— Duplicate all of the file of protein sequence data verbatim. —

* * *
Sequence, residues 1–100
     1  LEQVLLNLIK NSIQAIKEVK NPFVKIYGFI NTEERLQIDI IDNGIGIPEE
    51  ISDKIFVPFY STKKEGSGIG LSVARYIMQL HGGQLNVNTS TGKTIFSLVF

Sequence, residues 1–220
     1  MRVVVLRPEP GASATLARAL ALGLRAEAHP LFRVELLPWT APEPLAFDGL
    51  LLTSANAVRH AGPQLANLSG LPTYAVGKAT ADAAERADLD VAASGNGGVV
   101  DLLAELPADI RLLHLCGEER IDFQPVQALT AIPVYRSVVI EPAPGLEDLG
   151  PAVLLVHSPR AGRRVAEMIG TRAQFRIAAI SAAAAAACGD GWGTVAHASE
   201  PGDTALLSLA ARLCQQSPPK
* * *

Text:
Sequence, residues 1–100
     1  LEQVLLNLIK NSIQAIKEVK NPFVKIYGFI NTEERLQIDI IDNGIGIPEE
    51  ISDKIFVPFY STKKEGSGIG LSVARYIMQL HGGQLNVNTS TGKTIFSLVF

Sequence, residues 1–220
     1  MRVVVLRPEP GASATLARAL ALGLRAEAHP LFRVELLPWT APEPLAFDGL
    51  LLTSANAVRH AGPQLANLSG LPTYAVGKAT ADAAERADLD VAASGNGGVV
   101  DLLAELPADI RLLHLCGEER IDFQPVQALT AIPVYRSVVI EPAPGLEDLG
   151  PAVLLVHSPR AGRRVAEMIG TRAQFRIAAI SAAAAAACGD GWGTVAHASE
   201  PGDTALLSLA ARLCQQSPPK